WASHINGTON, D.C. — A Central California winery has submitted a federal application to help foster the recovery of coho and steelhead salmon.
E&J Gallo Winery has formally applied for an Enhancement of Survival Permit; the application was filed with the National Marine Fisheries Service, or NMFS. The winery would use the permit, if granted, to promote the recovery of Coho and steelhead salmon. The permit would last for three years and would permit E&J Gallo Winery to conduct incidental takes of the salmon species.
“The Enhancement of Survival Permit will authorize the [winery] to take … Coho Salmon and CCC Steelhead incidental to the implementation of the covered activities … incidental to other lawful uses of the enrolled property,” the Federal Register notice on E&J Gallo’s application stated. “In addition to meeting other criteria, actions to be performed under the Enhancement of Survival Permit must not jeopardize the existence of federally listed species.”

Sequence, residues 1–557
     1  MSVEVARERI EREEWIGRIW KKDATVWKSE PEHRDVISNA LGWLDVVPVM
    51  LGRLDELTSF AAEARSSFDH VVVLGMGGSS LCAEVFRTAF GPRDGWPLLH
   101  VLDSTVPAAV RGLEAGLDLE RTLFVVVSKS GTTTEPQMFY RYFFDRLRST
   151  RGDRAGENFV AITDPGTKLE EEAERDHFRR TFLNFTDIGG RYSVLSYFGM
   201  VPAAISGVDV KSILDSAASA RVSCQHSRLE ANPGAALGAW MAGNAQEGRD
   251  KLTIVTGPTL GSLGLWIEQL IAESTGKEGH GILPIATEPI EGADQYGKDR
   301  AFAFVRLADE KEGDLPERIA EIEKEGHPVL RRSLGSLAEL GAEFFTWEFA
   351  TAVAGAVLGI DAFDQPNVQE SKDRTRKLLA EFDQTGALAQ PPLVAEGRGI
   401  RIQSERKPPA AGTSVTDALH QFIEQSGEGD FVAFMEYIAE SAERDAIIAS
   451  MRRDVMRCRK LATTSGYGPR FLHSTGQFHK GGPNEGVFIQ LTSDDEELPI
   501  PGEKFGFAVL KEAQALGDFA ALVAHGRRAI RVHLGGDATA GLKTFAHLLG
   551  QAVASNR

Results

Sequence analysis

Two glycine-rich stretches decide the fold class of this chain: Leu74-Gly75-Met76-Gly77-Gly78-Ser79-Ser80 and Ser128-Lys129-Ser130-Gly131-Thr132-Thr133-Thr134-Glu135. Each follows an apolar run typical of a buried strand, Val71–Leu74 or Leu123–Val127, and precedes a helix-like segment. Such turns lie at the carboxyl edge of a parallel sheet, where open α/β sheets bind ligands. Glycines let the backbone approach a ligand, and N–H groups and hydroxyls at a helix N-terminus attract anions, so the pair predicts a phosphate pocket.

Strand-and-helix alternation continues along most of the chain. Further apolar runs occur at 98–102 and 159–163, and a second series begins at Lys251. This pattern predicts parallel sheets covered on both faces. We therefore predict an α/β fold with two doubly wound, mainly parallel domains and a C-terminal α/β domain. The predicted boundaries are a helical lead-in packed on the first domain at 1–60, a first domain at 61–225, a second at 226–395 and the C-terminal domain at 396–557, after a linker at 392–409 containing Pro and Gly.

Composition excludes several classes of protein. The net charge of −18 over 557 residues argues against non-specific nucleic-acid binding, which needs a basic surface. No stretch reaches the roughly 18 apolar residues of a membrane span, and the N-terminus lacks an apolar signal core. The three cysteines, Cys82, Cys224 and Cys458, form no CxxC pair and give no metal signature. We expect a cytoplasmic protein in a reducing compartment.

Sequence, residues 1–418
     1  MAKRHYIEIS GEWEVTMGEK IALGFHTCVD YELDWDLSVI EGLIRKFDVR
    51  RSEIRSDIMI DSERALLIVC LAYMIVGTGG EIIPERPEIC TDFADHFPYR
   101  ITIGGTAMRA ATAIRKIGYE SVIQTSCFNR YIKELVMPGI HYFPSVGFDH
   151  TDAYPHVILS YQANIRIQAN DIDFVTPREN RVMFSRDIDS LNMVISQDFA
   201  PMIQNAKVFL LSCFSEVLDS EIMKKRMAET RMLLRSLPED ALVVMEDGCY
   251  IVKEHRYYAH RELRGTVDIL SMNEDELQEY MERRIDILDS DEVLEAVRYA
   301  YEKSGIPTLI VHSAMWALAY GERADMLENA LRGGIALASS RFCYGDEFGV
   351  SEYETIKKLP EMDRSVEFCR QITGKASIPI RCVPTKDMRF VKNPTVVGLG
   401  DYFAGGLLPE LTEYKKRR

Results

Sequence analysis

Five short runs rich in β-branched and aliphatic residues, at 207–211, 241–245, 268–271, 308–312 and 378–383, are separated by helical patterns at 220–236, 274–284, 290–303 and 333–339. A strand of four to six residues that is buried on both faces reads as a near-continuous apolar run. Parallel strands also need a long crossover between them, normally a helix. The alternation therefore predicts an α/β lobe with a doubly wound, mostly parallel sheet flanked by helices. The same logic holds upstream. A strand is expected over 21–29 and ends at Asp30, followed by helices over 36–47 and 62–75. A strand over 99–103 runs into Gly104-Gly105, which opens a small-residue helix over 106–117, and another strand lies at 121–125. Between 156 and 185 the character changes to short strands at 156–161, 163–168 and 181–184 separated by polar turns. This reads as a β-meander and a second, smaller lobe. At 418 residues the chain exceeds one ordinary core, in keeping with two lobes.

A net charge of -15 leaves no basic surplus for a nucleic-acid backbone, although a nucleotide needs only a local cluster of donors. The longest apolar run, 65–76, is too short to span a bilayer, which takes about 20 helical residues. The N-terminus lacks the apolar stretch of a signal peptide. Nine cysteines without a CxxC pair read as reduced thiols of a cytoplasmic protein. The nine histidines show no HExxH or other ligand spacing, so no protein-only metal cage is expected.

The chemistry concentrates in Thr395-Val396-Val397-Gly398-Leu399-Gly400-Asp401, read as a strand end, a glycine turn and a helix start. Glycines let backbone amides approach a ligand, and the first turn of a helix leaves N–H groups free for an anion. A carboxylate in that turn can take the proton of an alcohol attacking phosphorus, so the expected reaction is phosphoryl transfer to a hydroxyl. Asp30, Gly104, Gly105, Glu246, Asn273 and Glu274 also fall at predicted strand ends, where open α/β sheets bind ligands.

Coho (endangered) and steelhead (threatened) salmon are both listed on the Endangered Species Act.
The permit sought by E&J Gallo falls under the Safe Harbor Agreement.
“Under a Safe Harbor Agreement, participating landowners voluntarily undertake management activities on their property to enhance, restore, or maintain habitat benefiting species listed under the [Endangered Species Act],” federal officials stated.
“Safe Harbor Agreements … encourage private and other non-federal property owners to implement conservation efforts for listed species by assuring property owners that they will not be subjected to increased property-use restrictions as a result of their efforts to attract listed species to their property and increase the numbers or distribution of these species already on their property,” the Federal Register notice of E&J Gallo’s permit application continued.
The permit, if approved, would apply to non-federal land at McMurray Ranch on Porter Creek (a tributary to the Russian River in Sonoma County).